Dengue hemorrhagic fever (DHF) is a serious complication of dengue infection, and it is a rare condition that mostly affects youngsters under the age of ten. Dengue hemorrhage (bleeding) and circulatory collapse are symptoms of this dengue complication (shock).

Preventive Measures of Dengue

  • As mosquitoes spread it, one should use a strong insect repellent containing DEET to prevent getting bitten.
  • People should also wear full sleeve apparel when out throughout the day.
  • It is vital to remember that the dengue mosquito bites only during the day and breeds in clean, fresh water. So any water buildup should be avoided.

6. Malaria

Malaria is spread by mosquitos breeding in contaminated water, making it one of the most common monsoon-related disorders. Because there is an issue with water logging during the rainy season, mosquitoes have ideal circumstances to breed. Female Anopheles mosquitos are the carriers of this disease. Plasmodium falciparum is the most severe type of malaria, also known as cerebral malaria, and is responsible for most deaths. Plasmodium vivax, Plasmodium ovale, and Plasmodium malariae are the other types of malaria.

Malarial Fever

Maximum cases of Malarial Fever are seen in monsoon season. Mosquitoes are responsible for transmission, and rain creates conditions for breeding mosquitoes in water-logged areas. Symptoms range from mild to severe, like fever with chills, headache, jaundice, extreme exhaustion, tiredness, and fluctuating state of consciousness. Malarial Parasite (MP) Smear and Malarial Parasite (MP) Antigen are two tests that can be performed.

Preventive Measures of Malaria

  • Take antimalarial medicine as a precautionary measure in mosquito-infested areas.
  • In addition, take precautions to avoid mosquito bites, such as wearing long-sleeved clothing.
  • During the monsoon season, anti repellent mosquito creams and electronic insect repellent gadgets can be used to keep mosquitos at bay at home.
  • Accumulation of dirty water must be maintained under control to prevent malaria mosquito breeding.
  • Indoor residual spraying (IRS) and insecticide-treated mosquito nets (ITNs) have been proved to be highly efficient in avoiding malaria in your neighborhood and reducing mosquito breeding.

7. Viral Fever

The term viral fever refers to any fever caused by a virus. Viral fever is commonly caused by a sudden change in weather and is characterized by fatigue, chills, body pains, and fever. The sickness spreads through airborne infection droplets or direct contact with infected secretions. Viral fever can continue anywhere from three to seven days, with the severity of the fever peaking in the first three days.

Viral Fever

The general treatment of side effects and symptoms using OTC drugs in consultation with their doctor, antihistamines, decongestants, and antipyretic drugs are usually recommended. Viral sickness is usually self-limiting and generally does not require antibiotics unless there is a secondary infection.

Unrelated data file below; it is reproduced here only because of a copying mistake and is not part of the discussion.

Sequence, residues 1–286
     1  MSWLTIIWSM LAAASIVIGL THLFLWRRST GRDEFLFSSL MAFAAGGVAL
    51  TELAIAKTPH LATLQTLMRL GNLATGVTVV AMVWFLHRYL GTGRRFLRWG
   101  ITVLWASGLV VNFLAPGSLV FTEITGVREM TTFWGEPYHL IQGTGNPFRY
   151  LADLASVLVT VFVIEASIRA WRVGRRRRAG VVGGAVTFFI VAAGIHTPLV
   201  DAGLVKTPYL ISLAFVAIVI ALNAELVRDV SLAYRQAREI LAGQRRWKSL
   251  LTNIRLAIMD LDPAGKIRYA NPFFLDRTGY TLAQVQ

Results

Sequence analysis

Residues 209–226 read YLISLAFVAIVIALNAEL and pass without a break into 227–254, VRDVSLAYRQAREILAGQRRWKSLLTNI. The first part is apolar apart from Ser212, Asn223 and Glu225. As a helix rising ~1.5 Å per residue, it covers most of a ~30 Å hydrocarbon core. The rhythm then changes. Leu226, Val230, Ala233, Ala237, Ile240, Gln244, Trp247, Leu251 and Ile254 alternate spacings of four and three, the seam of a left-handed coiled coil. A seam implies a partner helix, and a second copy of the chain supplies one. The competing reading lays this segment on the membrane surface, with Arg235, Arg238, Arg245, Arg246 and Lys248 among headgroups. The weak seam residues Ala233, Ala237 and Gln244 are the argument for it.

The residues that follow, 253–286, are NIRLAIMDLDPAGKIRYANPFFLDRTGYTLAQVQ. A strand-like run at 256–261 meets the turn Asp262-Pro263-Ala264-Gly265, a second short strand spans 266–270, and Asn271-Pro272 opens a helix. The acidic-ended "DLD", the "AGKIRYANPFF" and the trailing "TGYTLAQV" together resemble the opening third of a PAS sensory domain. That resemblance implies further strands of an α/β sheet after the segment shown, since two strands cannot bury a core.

Preventive Measures of Viral Fever

  • Ensure that you do not get wet in the rain or that you do not stay in damp clothes for an extended period of time.
  • Wash their hands frequently,
  • Boost their immunity by eating Vitamin C-rich meals and green leafy vegetables. They must also keep a distance from the affected individual.

Avoid self-medication with antibiotics. Though it is highly contagious, the chances of it turning life-threatening are quite rare. If symptoms are severe or persistent, consult our expert doctor call 88569-88569 to rule out any bacterial infection. Flu vaccines can often prove beneficial, and one needs to take a booster every year.

This Blog is Reviewed By: Dr. Vardaan, RMO, MBBS

Frequently Asked Question (FAQs)

1. Which diseases spread during rainy season and why?

The monsoon season brings a pleasant change from the heat of the summer and refreshes everyone. However, we must remember that it also brings a slew of terrible diseases such as Malaria, Cholera, Dengue Fever, Chikungunya, and other fatalities.

2. How can we prevent diseases from rainy season?

There are eight effective tips for preventing common diseases during the rainy season.

  1. Take vitamins
  2. Wash hands
  3. Keep the environment clean
  4. Use anti-mosquito repellent
  5. Stay hydrated
  6. Choose nutritious food
  7. Use mask
  8. Get vaccinated

3. How can we keep our monsoon healthy?

    5 Simple Health Tips for Monsoon

  1. Drink Clean Water
  2. Avoid junk food
  3. Do Not store stagnant water
  4. Increase vitamin C intake
  5. Get your clothes ironed

4. What are the 3 types of Prevention?

Primary Prevention: intervening before the occurrence of health impacts.

Secondary Prevention: screening to detect diseases as soon as possible.

Tertiary Prevention: Post-diagnosis disease management aims to slow or stop the progression of the disease.

5. What is preventive method?

The primary, secondary, and tertiary prevention levels are commonly used to define preventive care practices. Preventive health measures cover a wide range of actions that can be used to prevent or delay the onset of disease and limit disease transmission and exposure.

Looking to consult a doctor who can guide you with Monsoon illness. Contact Medpho on #BasEkCall at 88569-88569 for a free teleconsultation with our expert doctors.